But How Do You Even Know its All True? And the Different Approaches to Veganism

“The question is not: “Can they reason?” Nor: “Can they talk?” But: “Can they suffer?”  – Jeremy Bentham


When I started to university – for what felt like the first time ever – I was around people with absolutely polar values to my own. I remember being astounded that there were people that I really liked and respected, who wanted to vote in a far-right conservative Prime Minister! Initially I was offended and deeply saddened to learn that there were people in this world who did not share my vision of investment in health and education in Australia, of improving social and financial equality for women and for increasing foreign aid and committing lower carbon emissions targets and other green initiatives. There is a level of maturity and wisdom required to not just listen to, but to try to understand views which oppose you own – something that took me a long time to acquire. Obviously, given the almost 30 previous posts regarding the health benefits, significantly lower environmental footprint and elimination of animal exploitation – veganism is the best ethical approach for me to live a life most aligned with my values.

“The most ethical diet just so happens to be the most environmentally sound diet and just so happens to be the healthiest” ― Dr. Michael Greger

However, I have been questioned about how true Cowspiracy could be and told that its propaganda – though these are fun to discuss at the end of the day, the discussion is with people who don’t understand the relationship between animal agriculture and climate change. The simple fact is: the science is in, so now we turn to philosophy.

Ethics is a branch of moral philosophy that guides people about the basic human conduct, or social guidelines based on principles. Ethics differ from law in that laws are rules and regulations that have specific penalties when violated. As veganism is purely a foundation of ethical guidelines, it is only natural that there are a few different approaches to ethical veganism.

The Utilitarian Approach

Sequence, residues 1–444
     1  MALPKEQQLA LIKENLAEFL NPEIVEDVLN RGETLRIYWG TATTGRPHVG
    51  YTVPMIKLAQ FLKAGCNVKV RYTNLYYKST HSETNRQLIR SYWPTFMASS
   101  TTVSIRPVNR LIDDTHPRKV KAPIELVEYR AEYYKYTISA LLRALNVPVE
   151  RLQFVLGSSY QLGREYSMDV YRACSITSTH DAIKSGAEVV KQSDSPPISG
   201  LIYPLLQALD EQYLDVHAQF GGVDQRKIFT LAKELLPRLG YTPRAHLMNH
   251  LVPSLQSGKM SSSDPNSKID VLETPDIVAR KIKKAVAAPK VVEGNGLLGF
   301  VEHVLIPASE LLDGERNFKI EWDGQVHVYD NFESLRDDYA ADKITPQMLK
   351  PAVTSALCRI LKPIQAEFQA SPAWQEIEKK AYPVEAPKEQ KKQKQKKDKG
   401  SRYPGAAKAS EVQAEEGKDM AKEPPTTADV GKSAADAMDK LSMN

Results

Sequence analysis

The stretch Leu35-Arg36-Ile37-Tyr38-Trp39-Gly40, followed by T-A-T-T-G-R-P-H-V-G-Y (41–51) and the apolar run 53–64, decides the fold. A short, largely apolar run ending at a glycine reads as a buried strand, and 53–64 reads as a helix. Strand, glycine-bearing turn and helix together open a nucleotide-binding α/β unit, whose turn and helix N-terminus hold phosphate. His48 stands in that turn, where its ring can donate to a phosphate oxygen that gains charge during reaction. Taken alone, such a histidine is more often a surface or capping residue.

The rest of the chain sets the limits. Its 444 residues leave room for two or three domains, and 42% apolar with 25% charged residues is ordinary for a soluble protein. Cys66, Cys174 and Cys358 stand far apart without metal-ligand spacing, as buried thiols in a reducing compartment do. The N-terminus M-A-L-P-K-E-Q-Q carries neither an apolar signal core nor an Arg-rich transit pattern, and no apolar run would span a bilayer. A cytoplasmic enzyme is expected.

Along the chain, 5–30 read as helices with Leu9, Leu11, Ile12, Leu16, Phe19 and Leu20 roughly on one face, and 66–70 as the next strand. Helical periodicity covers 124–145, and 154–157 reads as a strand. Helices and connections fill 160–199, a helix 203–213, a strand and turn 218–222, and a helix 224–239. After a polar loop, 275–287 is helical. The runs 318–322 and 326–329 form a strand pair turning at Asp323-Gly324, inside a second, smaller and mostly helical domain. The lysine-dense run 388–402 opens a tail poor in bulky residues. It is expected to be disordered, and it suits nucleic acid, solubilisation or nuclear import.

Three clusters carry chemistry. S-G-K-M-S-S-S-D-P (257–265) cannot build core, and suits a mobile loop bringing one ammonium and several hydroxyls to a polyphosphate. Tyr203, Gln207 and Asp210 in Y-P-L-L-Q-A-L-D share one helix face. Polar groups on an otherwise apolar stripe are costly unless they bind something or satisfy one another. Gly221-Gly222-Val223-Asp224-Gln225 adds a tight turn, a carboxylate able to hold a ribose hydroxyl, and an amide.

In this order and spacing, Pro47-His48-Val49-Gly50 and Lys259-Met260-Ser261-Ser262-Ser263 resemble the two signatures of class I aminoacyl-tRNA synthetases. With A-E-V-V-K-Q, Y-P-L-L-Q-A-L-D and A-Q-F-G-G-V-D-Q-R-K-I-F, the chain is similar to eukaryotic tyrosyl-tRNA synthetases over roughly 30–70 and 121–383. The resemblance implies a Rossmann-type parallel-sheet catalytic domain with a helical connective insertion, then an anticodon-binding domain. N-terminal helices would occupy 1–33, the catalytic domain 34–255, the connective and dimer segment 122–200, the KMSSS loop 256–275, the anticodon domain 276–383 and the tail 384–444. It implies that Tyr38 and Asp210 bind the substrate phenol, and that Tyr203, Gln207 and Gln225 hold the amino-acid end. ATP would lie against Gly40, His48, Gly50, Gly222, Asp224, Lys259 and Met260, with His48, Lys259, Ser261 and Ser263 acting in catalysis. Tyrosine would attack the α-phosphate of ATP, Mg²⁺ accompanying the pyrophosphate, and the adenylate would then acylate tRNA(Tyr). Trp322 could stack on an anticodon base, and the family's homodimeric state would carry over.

Peter Singer is often referred to as the Father of the Animal Rights movement having published his bestselling book Animal Liberation (sometimes referred to as the Bible of the Animal Rights Movement and often cited by animal studies scholars) in 1975. Peter Singer is a contemporary utilitarian philosopher and considered one of the most influential living philosophers. Classical utilitarianism is a philosophical theory that suggests an action is morally right if it benefits the largest number of beings with the greatest good. Jeremy Bentham’s is considered the founder of modern utilitarian philosophy (you may have recognised his quote above). In Animal Liberation Peter Signer argues that everyone is equal (at least from the reference point of the Universe), regardless of age, sex, race or species. He therefore goes on to argue that we ought to consider the needs and interests of others, which is equally inclusive of animals – who in fact have just as much capacity to experience pain and suffering as well as enjoyment and happiness as humans do. Peter is a negative utilitarian so his arguments are usually based on not so much wanting to maximise the pleasure or happiness of animals, so much as minimising their pain and suffering. Peter doesn’t eat or wear animal products, but has said that he may if he is travelling or eating at someone else’s house. He has apparently sat in a cage to draw attention to the plight of battery hens and he has been arrested for attempting to photograph confined sows on a pig farm partly owned by former Australian Prime Minister Paul Keating, he has also stood as a Green candidate for the Australian Senate. Peter Signer and has been physically assaulted and condemned by disabled rights protesters angered by his comparisons between the capacities of intellectually disabled humans and nonhuman animals and received hate mail for his advocacy of voluntary euthanasia and infanticide. Criticisms of Peter’s work and the utilitarian approach to animal rights includes Peter’s notion that being a “conscientious omnivore” is a “defensible ethical position” as not everyone will want to go vegan but they can reduce the harms their food choices inflict. Singer equates the abolitionist approach (discussed shortly) as “purist” or “fanatical” because abolitionists maintain that we cannot justify any animal use. Gary Francione has particularly criticised Peter Singer about his notion that one can be justified eating animal products which would otherwise be wasted (from products found dumpster diving to eating cheese if the pasta you order without the cheese comes out with it sprinkled on it) as this can be observed by others as veganism not being a moral issue.

“If a being suffers there can be no moral justification for refusing to take that suffering into consideration. No matter what the nature of the being, the principle of equality requires that its suffering be counted equally with the like suffering – insofar as rough comparisons can be made – of any other being” ― Peter Singer, Animal Liberation

The Reformist/Welfarist/Protectionist Approach